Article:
Greg Lavender is Senior Vice President and Chief Technology Officer at VMware. He has served as an Information Technology Advisor to the School and drafted an important technology strategy report for the Trustees. In reflecting on his decision to honor Camp in this meaningful way, Lavender said, “John Camp has been part of the American School for over half a century. His life-long work and contributions to our knowledge of the Athenian Agora are unparalleled. The impact he has made on countless students’ lives has inspired several generations of scholars. Honoring John in this way ensures that future generations will always remember his significant contributions to the American School and to the history and culture of ancient Greece.”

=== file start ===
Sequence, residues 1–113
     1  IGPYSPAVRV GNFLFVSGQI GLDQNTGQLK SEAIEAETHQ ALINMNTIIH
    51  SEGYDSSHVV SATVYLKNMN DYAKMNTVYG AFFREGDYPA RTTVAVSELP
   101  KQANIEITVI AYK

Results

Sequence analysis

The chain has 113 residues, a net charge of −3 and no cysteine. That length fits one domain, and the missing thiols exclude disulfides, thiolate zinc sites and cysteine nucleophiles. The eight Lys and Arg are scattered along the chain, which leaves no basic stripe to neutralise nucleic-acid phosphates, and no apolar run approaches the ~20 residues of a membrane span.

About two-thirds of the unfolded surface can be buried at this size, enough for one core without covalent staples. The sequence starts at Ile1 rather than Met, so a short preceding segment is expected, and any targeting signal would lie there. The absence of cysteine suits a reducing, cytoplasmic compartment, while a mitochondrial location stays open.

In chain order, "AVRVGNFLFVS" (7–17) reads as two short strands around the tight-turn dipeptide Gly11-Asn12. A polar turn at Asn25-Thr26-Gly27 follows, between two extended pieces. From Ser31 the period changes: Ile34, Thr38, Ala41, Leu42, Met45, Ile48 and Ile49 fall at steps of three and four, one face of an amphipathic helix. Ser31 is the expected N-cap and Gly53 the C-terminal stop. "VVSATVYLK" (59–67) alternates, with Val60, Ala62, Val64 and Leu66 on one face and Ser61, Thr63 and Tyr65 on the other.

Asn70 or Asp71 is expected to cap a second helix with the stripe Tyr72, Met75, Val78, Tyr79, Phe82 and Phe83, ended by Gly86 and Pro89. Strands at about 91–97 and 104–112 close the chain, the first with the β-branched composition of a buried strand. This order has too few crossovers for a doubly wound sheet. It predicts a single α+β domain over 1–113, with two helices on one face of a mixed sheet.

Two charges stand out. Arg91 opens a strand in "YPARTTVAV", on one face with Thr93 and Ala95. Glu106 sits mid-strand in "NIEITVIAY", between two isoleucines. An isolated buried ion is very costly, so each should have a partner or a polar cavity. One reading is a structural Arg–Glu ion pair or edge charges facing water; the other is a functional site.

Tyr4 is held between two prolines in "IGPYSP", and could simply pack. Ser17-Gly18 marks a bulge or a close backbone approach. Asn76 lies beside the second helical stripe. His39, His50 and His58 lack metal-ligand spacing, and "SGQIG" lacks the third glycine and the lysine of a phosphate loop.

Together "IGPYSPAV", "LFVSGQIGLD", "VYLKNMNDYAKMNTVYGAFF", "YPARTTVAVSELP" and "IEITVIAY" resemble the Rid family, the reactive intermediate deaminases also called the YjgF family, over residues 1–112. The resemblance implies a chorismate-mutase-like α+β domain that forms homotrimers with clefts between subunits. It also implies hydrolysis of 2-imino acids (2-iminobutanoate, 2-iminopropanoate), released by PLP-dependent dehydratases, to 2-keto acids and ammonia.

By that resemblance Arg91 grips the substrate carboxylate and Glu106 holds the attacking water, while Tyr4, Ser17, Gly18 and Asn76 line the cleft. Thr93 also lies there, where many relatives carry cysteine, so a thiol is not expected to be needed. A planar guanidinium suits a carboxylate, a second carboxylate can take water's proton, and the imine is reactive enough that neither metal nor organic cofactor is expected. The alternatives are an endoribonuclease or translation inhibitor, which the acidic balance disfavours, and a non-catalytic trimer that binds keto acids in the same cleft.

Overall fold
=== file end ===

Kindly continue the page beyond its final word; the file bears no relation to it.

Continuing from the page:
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John Camp (bottom right) gives Agora volunteers one of his famous site tours, 2010 (photo by American School)

In acknowledging this gift, William T. (Rob) Loomis, President of the School’s Trustees, stated, “On behalf of the Trustees, I would like to thank Greg Lavender for his generous contribution to the American School and for honoring one of the School’s most distinguished scholars.”

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John Camp (far left) guides the School’s Trustees and alumni/ae during their 2011 Agora visit (photo by Craig Mauzy/American School)

Loomis continued, “John Camp is the great link between the past and the future of American archaeology in Greece, the person who more than anyone else has been able to transmit the wisdom and experience of the great pioneers of the past to the next generation.”

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John Camp holding a female head found in a well (Deposit P 21:2), 1970 (photo by American School)